Starlin Castro Has $3.6 Million Seized as Part of a Legal Dispute

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Starlin Castro Has $3.6 Million Seized as Part of a Legal Dispute
USA Today - Rob Grabowski

Chicago Cubs shortstop Starlin Castro reportedly had $3.6 million seized from his bank accounts on Dec. 18 as a result of a legal dispute with a baseball school in his native Dominican Republic, according to The Chicago Tribune's Paul Sullivan.

The removal of funds, which was made at several banks, according to reports, stemmed from a dispute over an eight-year-old agreement made between Castro's father and the school when the Cubs' star was just a teenager. 

Castro's father reportedly signed an agreement to pay the school a small percentage (roughly 3 percent) of his son's contract when he reached the majors.    

The 23-year-old signed a hefty seven-year, $60 million deal with the Cubs in 2012. According to Sullivan, he subsequently paid a portion of his $45,000 signing bonus to the school, Mi Futuro Biliguer, which translates to "My Future Big Leaguer."

At the time of his new contract, ESPNChicago.com quoted Castro talking about the huge financial impact of the deal:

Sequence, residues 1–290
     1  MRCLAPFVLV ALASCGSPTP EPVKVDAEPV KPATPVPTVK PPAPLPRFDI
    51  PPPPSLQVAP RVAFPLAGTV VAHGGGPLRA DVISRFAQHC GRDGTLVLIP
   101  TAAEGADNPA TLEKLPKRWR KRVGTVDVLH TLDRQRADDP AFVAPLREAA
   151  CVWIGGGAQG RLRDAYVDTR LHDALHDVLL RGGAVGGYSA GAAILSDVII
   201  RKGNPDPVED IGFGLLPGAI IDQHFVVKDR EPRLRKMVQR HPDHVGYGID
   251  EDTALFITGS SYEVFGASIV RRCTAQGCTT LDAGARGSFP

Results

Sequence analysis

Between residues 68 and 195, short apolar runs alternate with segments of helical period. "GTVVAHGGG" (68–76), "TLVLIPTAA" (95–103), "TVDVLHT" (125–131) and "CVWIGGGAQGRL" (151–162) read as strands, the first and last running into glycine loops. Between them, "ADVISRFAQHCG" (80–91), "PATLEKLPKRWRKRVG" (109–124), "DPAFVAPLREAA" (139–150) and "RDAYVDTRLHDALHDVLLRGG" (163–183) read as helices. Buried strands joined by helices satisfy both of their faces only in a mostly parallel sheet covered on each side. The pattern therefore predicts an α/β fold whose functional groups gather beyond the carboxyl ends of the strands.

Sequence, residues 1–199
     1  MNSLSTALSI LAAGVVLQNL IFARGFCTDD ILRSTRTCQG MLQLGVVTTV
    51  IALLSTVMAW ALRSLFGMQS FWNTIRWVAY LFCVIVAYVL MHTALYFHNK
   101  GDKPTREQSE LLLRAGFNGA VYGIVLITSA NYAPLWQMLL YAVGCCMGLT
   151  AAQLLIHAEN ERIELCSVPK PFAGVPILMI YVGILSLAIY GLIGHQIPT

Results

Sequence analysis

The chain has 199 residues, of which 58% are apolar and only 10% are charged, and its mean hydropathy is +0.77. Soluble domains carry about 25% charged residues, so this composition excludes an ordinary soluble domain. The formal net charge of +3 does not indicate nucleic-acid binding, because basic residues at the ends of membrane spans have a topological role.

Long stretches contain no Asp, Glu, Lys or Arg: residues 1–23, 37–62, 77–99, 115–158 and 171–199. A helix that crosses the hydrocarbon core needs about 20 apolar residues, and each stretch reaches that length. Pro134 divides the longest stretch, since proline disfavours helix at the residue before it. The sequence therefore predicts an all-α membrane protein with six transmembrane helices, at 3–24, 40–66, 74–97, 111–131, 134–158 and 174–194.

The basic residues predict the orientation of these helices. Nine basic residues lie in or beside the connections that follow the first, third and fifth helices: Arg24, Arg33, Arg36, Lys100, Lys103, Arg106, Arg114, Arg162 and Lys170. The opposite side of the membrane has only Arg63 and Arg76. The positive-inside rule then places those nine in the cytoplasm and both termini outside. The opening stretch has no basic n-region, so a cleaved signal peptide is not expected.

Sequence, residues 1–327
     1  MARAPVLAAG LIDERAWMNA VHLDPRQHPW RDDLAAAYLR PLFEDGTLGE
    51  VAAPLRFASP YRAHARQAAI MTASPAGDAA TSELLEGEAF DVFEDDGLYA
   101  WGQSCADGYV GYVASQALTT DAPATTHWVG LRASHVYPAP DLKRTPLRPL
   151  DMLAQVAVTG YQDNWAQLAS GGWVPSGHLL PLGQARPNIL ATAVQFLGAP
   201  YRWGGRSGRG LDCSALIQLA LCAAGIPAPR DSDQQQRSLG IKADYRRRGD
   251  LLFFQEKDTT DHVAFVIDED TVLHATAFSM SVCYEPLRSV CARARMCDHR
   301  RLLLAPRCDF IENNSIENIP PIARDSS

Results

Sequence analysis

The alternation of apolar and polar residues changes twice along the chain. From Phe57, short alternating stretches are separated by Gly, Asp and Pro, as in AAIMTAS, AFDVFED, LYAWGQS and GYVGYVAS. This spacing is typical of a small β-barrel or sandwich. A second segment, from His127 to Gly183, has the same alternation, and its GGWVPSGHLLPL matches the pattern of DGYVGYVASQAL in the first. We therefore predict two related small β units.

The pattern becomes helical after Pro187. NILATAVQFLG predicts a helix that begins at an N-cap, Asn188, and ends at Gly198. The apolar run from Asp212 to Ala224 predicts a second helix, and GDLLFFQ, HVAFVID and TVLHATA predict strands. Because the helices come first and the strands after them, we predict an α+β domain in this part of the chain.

"It's big. It's big especially for my family. We come from very poor people and now my family is going to be better. Their lives changing and that's really neat."

Despite the $45,000 donation, Sullivan reports that the school's coach, Manuel Nunez, is "trying to force Castro to give him 3 percent of his contract" and has plans to sue Castro. But sources close to the situation say Castro will file a countersuit against Nunez in an attempt to expose the agreement and the argument that a father can sign away a son's future earnings. 

The bizarre agreement even has Sports Illustrated's Melissa Segura's eyebrows raised:

Fortunately, Castro and the Cubs are in the midst of the offseason and won't have to worry about the shortstop missing playing time as a result of the off-field drama. However, the unwelcome publicity could damage Castro's relationship with his current team if it drags on for too long. 

It remains to be seen whether Castro will win out and reclaim his earnings in court, but there's certainly a lot at stake with millions of dollars and Castro's reputation hanging in the balance.   

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